“The Halal Certification helped a lot in the market expansion. We think Halal Certification is very important, as the majority of people in the southern border provinces are Muslim. It increased our sales in the area,” Yago said.

Waheng had similar results. The STEP project invited them to join the Local Community Business initiative and provided them the same knowledge as Yago.

“We had the opportunity to display and introduce our product at exhibitions in other districts and provinces. Now there are about 9 people in the group and our income has doubled to 6,000 to 7,000 baht per week,” Waheng said.

The project has equipped 65 low-income Muslim women from seven local entrepreneur groups in Pattani province. Although still in the pilot phase, STEP aims to forge a close relationship between the local entrepreneur groups and the Pattani Provincial Office of the Non-formal and Informal Education.

“Violence in the southern border provinces has left many children and women without a father, a husband or a bread winner,” said Vipunjit Ketunuti, UNDP’s STEP Project Manager.

“As more and more women need to take up the role of the head of household and rely more on themselves, providing the skills to double their incomes really makes a difference.”

But the STEP Project has not only benefited women.

“Local Community Business has proved to not only improve livelihoods of local people but has also enhanced social cohesion in the community. Not only do the local women entrepreneur groups benefit but also many people from the community benefit from this initiative,” said Dr. Humdia Mudo, Faculty of Communication Sciences of Prince of Songkla University.

“Raw materials can be found within the community, creating more income in the community. Some women have even quit their day-to-day jobs in other districts and returned to their communities to work on their local businesses.”

Recent update

While the first phase of the Local Community Business initiative is now complete, its impact continues to be felt in the wider community.

The experiences of these 75 women – some of whom now sell produce as far afield as Malaysia - and the lessons learnt, now form the basis of a colorful step-by-step guide. Designed by Laila Boonpis and Dr Hamdia Mudor, both lecturers at Prince Songkla University’s Faculty of Communication Science, the guide aims to transfer the skills gained and good practice to other women’s groups in conflict-affected communities. Advice ranges from product and package development to pricing strategies and market access.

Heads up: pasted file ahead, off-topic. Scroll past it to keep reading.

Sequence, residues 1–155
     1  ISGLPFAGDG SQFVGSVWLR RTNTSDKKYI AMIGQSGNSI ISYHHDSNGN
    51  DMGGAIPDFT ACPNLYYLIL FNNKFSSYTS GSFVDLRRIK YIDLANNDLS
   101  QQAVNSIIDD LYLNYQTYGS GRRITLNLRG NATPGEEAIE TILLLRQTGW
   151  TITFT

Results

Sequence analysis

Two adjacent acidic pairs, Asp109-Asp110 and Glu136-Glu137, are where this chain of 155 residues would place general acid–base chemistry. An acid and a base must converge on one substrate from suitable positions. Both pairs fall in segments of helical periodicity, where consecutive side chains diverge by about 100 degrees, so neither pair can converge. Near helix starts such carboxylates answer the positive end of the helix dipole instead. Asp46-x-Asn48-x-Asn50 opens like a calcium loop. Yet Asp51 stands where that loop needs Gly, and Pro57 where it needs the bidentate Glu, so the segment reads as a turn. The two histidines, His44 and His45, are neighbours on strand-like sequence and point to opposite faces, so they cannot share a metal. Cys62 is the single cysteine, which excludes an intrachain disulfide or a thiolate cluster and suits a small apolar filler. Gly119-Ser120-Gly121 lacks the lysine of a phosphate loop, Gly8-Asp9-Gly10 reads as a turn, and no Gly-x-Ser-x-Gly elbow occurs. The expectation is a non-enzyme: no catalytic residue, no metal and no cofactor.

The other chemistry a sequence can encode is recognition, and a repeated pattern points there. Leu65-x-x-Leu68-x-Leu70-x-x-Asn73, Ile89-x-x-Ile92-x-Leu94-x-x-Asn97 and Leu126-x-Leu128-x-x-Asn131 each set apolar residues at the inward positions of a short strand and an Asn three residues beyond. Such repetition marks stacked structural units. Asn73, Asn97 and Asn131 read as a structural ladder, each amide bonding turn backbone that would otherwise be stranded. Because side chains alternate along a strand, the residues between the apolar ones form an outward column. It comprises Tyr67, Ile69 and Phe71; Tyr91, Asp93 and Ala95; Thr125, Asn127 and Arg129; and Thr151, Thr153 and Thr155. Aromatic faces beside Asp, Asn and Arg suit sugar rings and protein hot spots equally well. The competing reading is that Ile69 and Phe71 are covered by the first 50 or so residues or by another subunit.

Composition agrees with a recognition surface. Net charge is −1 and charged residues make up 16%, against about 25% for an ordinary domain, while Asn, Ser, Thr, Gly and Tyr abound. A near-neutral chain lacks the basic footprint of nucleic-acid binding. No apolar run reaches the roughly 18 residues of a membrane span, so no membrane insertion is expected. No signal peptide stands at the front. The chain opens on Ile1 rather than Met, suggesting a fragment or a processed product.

“It went so well that we decided it would be a good idea to produce a handbook for individuals and transfer good practices to other women groups interested in establishing small enterprises,” said Vipunjit Ketunuti, of UNDP in Thailand.

Some 2,000 copies have been published and distributed to local business groups, authorities, government agencies, academic institutes and public libraries in Pattani, Yala and Narathiwat. A six-part documentary series, distributed to community schools and libraries, aims to do likewise.

It is hoped that the achievements of these women, who are based across two pilot business learning centers in Pattani’s Yaring and Lampo districts, will prove to communities and authorities that sustainable community business is possible through local initiatives and participation.

Meanwhile, in a bid to keep youths safe and engaged in the community, a 10-minute animated film – produced by the same university faculty – provides handy information on how they too can contribute to local business initiatives.